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Thursday, Jan. 29, 2015
The Reader / *** (R)Posted Wednesday, February 11, 2009, at 8:22 PM
Oscar nominee Kate Winslet and David Kross do a little more than just reading in the Best Picture contender "The Reader".
This review contains spoilers!
I was 15 when I visited Dachau, the World War II concentration camp located on the outskirts of Munich, Germany. At that time, the Holocaust was just a story in a history book to me. I hadn't, by that point in my life, experienced the horrific realization of those events through so many movies and books and stories. The empty bunks and courtyard were museum pieces to me, rather than an all too real piece of world history. It was easy to look at those not-so-long-ago events at a distance as an American teenager on a class tour of Europe. But there were two elements in that camp that struck me with a horror I instinctively repressed. The first was the ovens where 15,000 bodies were disposed of in the camp's final few months. Second was the infamous sign the prisoners had to walk under each day of their confinement that read "Arbeit Macht Frei"--the perpetual lie of the SS's promise to free good workers.
The Best Picture Oscar nominee "The Reader" tells a story which starts in the late 1950s. During the first half of the film there is no mention of the atrocities committed on Germany's soil. There is some slight evidence of the world's greatest war in the background. There seems to be construction going on everywhere in the small city of Neustadt, where the story's hero spends his formative years. The reconstruction in Germany is still under way, both physically and psychologically.
We meet 16-year-old Michael Berg (David Kross) as he comes home from school on a city tram. He is sick and is helped by a woman who says little but clearly is compelled to help the boy out of kindness. The woman is Hanna Schmitz (Kate Winslet, "The Holiday"), and the two will soon share a summer love affair. She is a much older woman than the nubile boy. She seems to be pained by some inner scar of the past, but the two find a certain need filled by each other. Their bond is drawn initially by sex, but they find other comforts from each other. Hanna in particular is drawn in by Michael's sure recitation of the classic literature he is studying in school. The reading is just as satisfying to Hanna as the sex is to Michael.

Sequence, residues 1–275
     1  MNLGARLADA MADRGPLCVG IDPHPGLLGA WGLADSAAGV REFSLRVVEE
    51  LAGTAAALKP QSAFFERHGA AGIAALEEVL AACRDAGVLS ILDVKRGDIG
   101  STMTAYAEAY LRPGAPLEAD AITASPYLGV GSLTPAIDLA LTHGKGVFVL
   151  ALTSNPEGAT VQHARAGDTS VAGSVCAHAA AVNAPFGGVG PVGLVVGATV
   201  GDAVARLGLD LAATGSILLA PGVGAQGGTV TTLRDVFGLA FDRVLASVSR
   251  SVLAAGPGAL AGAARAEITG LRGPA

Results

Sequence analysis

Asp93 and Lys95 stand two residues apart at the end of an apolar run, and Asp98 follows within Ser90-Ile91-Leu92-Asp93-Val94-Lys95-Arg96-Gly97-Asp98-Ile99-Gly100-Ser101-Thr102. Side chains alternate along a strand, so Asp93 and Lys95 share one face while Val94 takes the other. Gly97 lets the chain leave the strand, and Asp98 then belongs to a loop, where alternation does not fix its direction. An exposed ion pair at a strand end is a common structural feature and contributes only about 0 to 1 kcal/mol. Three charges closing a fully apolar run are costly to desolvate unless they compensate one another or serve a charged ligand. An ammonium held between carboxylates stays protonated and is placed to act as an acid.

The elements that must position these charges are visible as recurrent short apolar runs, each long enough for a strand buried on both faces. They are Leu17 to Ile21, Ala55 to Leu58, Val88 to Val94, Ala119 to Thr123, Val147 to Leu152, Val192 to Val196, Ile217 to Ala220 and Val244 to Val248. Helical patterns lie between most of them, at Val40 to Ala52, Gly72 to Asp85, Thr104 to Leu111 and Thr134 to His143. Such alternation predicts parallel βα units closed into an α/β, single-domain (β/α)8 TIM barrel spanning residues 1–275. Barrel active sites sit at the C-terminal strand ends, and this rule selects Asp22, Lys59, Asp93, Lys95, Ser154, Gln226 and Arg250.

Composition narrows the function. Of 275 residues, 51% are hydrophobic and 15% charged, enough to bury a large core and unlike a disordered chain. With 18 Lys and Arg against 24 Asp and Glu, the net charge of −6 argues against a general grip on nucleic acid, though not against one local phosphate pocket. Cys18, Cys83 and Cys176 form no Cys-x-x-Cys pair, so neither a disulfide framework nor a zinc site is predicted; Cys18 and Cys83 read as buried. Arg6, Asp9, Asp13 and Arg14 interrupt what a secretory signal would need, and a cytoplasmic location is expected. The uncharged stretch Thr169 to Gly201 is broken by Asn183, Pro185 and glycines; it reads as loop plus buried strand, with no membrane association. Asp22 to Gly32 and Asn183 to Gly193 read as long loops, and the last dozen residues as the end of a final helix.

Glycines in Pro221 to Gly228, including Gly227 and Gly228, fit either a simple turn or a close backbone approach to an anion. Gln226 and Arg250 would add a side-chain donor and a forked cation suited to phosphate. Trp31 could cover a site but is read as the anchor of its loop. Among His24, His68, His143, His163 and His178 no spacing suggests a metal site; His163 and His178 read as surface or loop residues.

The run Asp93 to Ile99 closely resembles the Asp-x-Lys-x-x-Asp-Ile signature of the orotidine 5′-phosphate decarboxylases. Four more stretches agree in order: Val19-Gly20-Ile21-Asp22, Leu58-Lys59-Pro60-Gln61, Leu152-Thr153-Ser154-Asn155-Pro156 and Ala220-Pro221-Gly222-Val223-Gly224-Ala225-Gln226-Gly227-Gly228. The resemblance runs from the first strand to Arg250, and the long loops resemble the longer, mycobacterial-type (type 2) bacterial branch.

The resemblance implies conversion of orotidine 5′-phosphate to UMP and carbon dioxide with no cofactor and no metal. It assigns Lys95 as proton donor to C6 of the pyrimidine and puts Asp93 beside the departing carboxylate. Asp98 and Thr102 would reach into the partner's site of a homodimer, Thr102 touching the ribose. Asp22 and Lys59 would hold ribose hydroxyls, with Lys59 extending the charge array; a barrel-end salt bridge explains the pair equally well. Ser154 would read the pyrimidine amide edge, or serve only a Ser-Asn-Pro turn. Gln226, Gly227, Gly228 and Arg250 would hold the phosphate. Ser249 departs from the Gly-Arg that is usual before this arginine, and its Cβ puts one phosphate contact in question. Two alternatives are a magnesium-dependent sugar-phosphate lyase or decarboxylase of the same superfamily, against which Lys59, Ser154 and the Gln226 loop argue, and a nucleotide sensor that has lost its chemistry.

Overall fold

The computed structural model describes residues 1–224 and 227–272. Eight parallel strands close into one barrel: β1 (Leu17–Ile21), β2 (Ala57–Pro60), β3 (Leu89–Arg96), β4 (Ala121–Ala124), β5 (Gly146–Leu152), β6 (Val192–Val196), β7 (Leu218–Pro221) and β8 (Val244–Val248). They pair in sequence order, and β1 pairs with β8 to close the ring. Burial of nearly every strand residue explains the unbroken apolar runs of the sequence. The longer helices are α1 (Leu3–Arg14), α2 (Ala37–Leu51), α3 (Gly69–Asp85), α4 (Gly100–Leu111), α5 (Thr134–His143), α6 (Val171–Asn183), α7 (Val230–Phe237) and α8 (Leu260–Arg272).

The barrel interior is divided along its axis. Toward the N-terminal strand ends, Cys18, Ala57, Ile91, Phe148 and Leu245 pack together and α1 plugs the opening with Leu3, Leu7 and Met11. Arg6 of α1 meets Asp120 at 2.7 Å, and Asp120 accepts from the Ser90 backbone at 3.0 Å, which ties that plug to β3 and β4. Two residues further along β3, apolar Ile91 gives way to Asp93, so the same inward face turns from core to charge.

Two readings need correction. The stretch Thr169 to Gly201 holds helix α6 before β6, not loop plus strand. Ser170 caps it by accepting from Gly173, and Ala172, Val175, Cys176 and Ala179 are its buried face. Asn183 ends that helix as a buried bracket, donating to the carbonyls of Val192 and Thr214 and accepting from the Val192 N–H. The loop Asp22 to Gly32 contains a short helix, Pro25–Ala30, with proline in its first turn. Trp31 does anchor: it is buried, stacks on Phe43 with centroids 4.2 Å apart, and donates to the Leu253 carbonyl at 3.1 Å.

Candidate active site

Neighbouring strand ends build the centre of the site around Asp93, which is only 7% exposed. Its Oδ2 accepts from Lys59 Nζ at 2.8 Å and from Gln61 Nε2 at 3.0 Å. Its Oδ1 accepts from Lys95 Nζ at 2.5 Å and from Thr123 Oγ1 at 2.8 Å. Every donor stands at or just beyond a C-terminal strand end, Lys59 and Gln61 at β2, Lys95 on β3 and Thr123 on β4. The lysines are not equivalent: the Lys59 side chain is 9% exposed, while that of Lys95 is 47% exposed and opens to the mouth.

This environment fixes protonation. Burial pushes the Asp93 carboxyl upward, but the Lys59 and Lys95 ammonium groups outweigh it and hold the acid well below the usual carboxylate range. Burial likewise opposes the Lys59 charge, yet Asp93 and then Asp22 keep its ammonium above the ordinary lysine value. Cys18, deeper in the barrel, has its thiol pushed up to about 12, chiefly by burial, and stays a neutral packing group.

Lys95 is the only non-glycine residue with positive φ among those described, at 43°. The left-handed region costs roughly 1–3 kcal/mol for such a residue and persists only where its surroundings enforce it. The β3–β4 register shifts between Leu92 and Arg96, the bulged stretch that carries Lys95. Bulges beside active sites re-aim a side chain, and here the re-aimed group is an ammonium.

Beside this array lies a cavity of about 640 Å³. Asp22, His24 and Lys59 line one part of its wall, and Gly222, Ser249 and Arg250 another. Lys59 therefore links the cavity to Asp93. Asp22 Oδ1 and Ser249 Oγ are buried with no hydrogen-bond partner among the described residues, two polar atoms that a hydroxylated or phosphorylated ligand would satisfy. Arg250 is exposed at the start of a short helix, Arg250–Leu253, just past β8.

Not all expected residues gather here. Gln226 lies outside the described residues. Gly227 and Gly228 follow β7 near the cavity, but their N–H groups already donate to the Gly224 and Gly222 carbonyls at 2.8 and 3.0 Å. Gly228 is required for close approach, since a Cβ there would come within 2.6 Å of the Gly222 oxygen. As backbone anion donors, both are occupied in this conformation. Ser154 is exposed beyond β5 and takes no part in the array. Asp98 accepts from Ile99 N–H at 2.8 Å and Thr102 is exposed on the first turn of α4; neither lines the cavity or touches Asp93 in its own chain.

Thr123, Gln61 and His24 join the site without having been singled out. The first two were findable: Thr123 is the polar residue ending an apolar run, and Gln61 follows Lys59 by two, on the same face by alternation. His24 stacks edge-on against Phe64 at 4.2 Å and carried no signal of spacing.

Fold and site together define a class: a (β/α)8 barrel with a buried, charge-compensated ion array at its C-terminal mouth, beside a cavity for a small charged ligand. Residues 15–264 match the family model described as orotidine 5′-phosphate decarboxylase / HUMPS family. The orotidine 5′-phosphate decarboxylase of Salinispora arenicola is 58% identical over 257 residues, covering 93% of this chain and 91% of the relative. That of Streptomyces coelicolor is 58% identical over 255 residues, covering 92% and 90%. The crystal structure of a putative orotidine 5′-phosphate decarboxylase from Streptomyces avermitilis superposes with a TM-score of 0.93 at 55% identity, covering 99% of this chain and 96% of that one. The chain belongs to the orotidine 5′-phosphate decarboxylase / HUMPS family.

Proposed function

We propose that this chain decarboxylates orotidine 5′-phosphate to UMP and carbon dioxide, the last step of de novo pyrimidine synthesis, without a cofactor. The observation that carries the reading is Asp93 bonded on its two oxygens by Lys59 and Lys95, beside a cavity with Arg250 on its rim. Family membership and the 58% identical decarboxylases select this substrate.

Eventually the affair comes to an end, as it must. However, Hanna's sudden withdraw from Michael's life is mysterious and unexplained until years later when their lives cross paths again under far different circumstances. Michael is now a law student and has landed himself in an elite class of students under the instruction of Professor Rolf (Bruno Ganz, "Downfall"). They attend a Nazi war crimes trial in which six female SS guards face charges of murder. Hanna is one of the women. The other guards finger her as the ringleader. Michael has information that would exonerate her of that responsibility, but how can he reconcile the fact that she is guilty of aiding in the murder of prisoners for the Nazi SS?
The movie is framed as a flashback of Michael's in 1995, reflecting on the events that shaped him into the barrister and man he has become. Ralph Fiennes ("In Bruges") plays the older Michael with solemnity and regret. One of his regrets is how closed off he is to those he loves, including his teenage daughter from a broken marriage. The flashback-framing device feels like a tired cliché in these films about how a life is formed, but Fiennes helps to create a connection between the events of the past with those of his present.
Lena Olin ("Awake"), in a small dual role, also provides an emotional connection to the crimes committed by Hanna, juxtaposing the needs that Hanna fulfilled in Michael's life as a young man. As a victim of the Holocaust during the trial and later playing the older version of that same victim's daughter, Olin provides a small but direct reference to the crimes committed by Hanna long before her love affair with Michael.
For all the passion that Hanna and Michael feel for each other during their affair, there seems to be less gravity placed on the horrors of the Holocaust itself. We are never allowed to know what Hanna really feels about what she has done. Her attitude during the trial is that she was doing her job, but her passion for literature and the somber way she carries herself suggests that she is all too aware of what she has done. Perhaps, she feels she deserves to be punished. We never really know.
Director Stephen Daldry and writer David Hare-- who previously collaborated on the movie "The Hours"--seem to want to keep such issues complex. The characters don't know the answers to the questions that trouble them. I don't think this is wrong, however it keeps some of the emotions typically explored in a Holocaust subject at a distance. This is very much like my experiences in Dachau. I knew something terrible happened there, but I didn't know how to feel about those empty barracks until I saw something I could understand. "The Reader" is more about the broad complexity of our human emotions than it is about understanding them.
"The Reader" is currently playing at Galaxy Cinema in Sedalia.
For trailer, merchandise, and star rating visit A Penny in the Well.
Andrew is a professionally trained actor and stage director. He was a reporter for the daily newspaper The Marshall Democrat News. He has been critiquing film since Mr. Lucas released the first of his "Star Wars" prequels in 1999. His reviews can also be seen at his blog site.
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